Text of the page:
It was, until 1998, The Romano-British name for Rochester was Durobrivae, later Durobrivis c. The two commonly cited origins of this name are that it either came from "stronghold by the bridge(s)" Durobrivis was pronounced 'Robrivis.
In later times, the word cæster (=castle, from Latin castrum) was added to the name and the city was called Robrivis Cæster. 730 and calls it Hrofes cæster, mistaking its meaning as Hrofi's fortified camp. 730 Hrofæscæstre, 811 Hrofescester, 1086 Rovescester, 1610 Rochester.
In AD 604 the bishopric and cathedral were founded.
In the 1835 Municipal Corporations Act the boundaries were extended to include more of Strood and Frindsbury, and part of Chatham known as Chatham Intra.
Like many of the mediaeval towns of England, Rochester had civic Freemen whose historic duties and rights were abolished by the Municipal Corporations Act 1835.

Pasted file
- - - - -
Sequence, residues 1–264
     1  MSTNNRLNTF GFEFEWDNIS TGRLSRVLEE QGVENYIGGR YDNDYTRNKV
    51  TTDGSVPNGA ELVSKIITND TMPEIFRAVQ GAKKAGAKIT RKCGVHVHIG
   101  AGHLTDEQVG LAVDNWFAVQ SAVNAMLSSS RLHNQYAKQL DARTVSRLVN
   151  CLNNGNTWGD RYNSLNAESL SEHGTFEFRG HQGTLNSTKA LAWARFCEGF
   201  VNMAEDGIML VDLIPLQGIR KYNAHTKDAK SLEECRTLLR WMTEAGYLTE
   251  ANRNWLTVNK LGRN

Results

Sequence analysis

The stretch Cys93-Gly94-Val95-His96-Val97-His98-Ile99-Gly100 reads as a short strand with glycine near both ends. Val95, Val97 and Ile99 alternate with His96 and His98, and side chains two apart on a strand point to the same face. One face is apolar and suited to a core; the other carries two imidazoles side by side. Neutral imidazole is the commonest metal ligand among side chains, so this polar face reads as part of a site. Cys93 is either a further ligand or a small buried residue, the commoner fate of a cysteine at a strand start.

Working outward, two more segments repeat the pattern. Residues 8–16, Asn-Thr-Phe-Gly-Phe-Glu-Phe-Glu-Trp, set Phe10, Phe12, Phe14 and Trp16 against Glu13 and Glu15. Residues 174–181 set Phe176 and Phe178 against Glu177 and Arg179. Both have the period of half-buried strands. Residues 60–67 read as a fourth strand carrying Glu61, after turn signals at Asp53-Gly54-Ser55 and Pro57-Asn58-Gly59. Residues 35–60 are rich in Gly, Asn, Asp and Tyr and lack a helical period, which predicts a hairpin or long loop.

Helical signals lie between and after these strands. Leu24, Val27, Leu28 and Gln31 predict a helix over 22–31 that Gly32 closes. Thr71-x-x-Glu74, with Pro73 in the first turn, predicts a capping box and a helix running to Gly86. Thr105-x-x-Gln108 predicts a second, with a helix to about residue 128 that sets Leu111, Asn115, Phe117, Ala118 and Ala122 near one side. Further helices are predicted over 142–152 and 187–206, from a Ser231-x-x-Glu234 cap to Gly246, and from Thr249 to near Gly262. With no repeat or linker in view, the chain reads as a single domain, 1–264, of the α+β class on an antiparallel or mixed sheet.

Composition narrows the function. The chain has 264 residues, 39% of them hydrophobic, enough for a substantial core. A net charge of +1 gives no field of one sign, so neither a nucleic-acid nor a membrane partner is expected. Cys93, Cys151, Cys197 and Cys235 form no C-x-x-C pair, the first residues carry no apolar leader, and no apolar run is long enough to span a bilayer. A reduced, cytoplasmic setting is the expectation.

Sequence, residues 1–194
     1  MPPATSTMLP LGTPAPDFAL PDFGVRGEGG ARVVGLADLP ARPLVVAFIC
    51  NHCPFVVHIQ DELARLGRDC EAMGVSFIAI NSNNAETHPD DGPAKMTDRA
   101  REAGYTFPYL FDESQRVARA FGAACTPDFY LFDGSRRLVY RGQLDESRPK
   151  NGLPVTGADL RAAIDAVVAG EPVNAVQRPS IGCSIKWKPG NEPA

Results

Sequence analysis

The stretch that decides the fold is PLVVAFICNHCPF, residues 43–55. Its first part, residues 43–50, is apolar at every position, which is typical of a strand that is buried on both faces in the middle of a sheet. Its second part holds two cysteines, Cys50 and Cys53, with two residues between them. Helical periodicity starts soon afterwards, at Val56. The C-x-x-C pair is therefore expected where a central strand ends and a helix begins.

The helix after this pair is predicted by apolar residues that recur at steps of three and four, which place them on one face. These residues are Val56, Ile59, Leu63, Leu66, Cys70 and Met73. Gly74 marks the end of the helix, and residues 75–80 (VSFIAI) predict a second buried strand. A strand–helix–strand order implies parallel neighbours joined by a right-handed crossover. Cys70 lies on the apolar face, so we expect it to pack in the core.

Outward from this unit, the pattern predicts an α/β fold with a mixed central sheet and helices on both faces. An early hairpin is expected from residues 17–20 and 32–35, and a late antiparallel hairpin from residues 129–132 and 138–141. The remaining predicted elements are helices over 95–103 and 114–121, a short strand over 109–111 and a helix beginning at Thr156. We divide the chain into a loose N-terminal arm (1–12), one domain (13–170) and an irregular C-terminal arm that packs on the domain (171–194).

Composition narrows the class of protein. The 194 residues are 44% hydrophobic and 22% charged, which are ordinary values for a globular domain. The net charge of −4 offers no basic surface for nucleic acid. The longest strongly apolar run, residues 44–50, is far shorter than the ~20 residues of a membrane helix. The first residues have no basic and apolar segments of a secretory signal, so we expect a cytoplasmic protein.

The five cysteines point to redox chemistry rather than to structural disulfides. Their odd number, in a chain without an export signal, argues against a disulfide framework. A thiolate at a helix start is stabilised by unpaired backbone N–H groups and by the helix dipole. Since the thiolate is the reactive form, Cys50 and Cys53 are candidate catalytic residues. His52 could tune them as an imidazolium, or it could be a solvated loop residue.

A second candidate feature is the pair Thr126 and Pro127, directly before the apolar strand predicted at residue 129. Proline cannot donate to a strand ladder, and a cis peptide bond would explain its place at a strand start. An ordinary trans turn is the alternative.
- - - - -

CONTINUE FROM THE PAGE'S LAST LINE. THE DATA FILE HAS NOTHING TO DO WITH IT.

Rochester and its neighbours, Chatham and Gillingham, Strood and a number of outlying villages form a single large urban area known as the Medway Towns with a population of about 250,000.
These places nowadays make up the Medway Unitary Authority area.
The City Freedom can be obtained by residents after serving a period of "servitude", i.e.
apprenticeship (traditionally seven years), before admission as a Freeman.The annual ceremonial Beating of the Bounds by the River Medway takes place after the Admiralty Court, usually on the first Saturday of July.There were three medieval parishes: St Nicholas', St Margaret's and St Clement's.During the Roman conquest of Britain a decisive battle was fought at the Medway somewhere near Rochester.The first bridge was subsequently constructed early in the Roman period.The City of Rochester's ancient status was unique, as it had no formal council or Charter Trustees nor a Mayor, instead having the office of Admiral of the River Medway, whose incumbent acted as de facto civic leader.